Misgivings in Mumbai

Indo-Pakistani relations might be seriously harmed by the Bombay attacks. Can we do anything about it?

The Mumbai bombings have once again changed the narrative on terrorism. By attacking soft targets associated with wealth and Western tourism-and not immediately blowing themselves with explosives-the suicide squad of Islamic fanatics, almost certainly from Pakistan, held the Indian government at bay for over three days and assured themselves a worldwide audience on twenty-four-hour cable TV. These events demonstrated the exceptional vulnerability of open cities to this type of violence and the extreme difficulty of preventing such actions. Israel was able to dramatically reduce Palestinian suicide attacks by literally building a wall around its borders. Large countries can't do this.

The incident highlighted the incompetence of the government of India in its response and the complicity of the government of Pakistan in its failure to deal with its own terrorist networks. Once more the specter of an Indo-Pakistan war has surfaced at the very time the United States is desperate to have better Pakistani cooperation to stem the deteriorating situation in Afghanistan. Fortunately, Pakistan's new democratic leaders have taken some sensible confidence-building initiatives to mollify India's government and Indian public opinion. Yet they cannot be too accommodating given Pakistan's own public rage at accusations leveled by India and the Pakistani army's continued suspicions of India's long-term intentions.

Pakistan's elites continue to harbor three intense grievances that influence their behavior toward India. First, they still see India as an existential threat and regard New Delhi's position on Kashmir to be intransient and unacceptable. Second, they fear the growing Indian presence in Afghanistan and see this as an effort by India to weaken Pakistan's access and influence over its northern neighbor. Third, they believe that U.S. overtures of friendship are primarily based on Pakistan's critical role in fighting the Taliban. They resent the fact that the Bush administration has made better relations with India a long- term priority and they fear that, over time, India's size and its economic reach will put their own relationship with the United States on the back burner.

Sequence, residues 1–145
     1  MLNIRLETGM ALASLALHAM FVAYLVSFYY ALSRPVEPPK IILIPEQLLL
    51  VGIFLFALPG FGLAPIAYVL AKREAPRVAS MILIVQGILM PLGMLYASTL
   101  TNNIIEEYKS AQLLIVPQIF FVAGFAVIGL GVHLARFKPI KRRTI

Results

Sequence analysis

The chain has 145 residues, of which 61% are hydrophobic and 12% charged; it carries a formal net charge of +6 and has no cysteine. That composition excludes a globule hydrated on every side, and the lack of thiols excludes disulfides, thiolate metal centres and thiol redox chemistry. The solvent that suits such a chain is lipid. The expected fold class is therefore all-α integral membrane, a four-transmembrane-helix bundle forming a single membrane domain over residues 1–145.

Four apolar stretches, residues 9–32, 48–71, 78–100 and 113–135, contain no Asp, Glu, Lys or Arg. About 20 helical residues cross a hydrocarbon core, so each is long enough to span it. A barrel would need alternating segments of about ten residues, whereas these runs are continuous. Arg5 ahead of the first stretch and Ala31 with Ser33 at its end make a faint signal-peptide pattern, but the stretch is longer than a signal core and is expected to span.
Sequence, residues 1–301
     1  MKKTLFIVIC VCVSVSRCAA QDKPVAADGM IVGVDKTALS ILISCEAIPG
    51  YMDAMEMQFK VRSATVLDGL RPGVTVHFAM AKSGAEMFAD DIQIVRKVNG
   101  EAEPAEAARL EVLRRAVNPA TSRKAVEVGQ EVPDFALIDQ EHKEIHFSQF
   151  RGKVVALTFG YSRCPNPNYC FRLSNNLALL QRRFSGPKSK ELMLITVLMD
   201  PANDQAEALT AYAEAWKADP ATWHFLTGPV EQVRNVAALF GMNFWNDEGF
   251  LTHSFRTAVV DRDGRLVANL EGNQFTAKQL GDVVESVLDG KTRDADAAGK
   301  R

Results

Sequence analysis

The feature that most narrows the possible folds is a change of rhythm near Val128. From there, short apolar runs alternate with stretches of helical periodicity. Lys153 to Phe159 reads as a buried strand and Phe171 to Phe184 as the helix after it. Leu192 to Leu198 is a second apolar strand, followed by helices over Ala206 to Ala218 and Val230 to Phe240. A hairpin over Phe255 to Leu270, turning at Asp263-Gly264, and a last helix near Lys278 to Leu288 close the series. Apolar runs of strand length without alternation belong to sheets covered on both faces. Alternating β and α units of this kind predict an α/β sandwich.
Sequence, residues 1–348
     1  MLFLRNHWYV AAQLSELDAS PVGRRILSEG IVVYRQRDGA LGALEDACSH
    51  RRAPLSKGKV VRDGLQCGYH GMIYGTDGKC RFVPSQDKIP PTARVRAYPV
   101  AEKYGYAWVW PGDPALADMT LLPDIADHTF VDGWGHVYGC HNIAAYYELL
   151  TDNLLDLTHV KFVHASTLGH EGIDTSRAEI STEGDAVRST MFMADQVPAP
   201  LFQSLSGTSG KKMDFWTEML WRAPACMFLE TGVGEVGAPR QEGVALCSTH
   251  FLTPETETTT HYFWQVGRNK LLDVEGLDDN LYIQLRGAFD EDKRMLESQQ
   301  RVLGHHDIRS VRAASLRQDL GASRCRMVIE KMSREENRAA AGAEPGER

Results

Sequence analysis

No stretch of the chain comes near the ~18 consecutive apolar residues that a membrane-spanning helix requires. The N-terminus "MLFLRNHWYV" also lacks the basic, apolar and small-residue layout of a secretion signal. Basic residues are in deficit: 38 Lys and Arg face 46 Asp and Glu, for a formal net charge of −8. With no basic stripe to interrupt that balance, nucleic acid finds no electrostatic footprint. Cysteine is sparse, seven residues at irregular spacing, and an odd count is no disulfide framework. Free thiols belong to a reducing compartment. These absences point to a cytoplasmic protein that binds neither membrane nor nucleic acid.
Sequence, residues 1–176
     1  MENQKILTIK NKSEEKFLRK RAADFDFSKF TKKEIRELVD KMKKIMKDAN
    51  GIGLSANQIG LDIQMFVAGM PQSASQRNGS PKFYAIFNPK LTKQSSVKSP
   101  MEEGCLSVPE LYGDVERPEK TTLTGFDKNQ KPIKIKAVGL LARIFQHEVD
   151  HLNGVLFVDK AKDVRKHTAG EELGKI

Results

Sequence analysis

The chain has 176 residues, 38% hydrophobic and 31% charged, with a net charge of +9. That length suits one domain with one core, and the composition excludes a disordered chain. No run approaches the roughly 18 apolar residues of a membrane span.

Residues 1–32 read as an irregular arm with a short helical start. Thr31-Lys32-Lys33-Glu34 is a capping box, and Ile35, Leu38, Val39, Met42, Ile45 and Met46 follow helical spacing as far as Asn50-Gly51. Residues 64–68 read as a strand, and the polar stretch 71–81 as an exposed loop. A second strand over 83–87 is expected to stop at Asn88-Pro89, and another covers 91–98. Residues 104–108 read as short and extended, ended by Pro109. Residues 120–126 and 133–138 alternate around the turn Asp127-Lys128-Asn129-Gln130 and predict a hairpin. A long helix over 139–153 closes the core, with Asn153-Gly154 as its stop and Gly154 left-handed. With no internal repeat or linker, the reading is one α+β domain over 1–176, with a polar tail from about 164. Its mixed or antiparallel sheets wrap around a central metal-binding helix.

In turn, the Indians themselves suffer from continued paranoia about Pakistan's intentions and its influence on India's huge Muslim population, which is the second largest in the world after Indonesia. India's border disputes with China have not yet been resolved and its leaders know it cannot exert its full weight in southwest Asia and Indian Ocean until and unless it resolves the crisis over Kashmir. This comes at a time when Indian domestic politics is in a state of turmoil and the left-wing political parties use all pretexts to undermine the government and demonize India's close ties with the United States.

The multiple crises in the India-Pakistan-Afghan triangle will have to be one of the highest priorities of the incoming Obama administration. It would make sense to appoint a special envoy to deal with these complex problems in view of the huge stakes involved in Afghanistan and the ultimate nightmare of nuclear confrontation on the subcontinent.

 

Geoffrey Kemp is the Director of Regional Strategic Programs at The Nixon Center.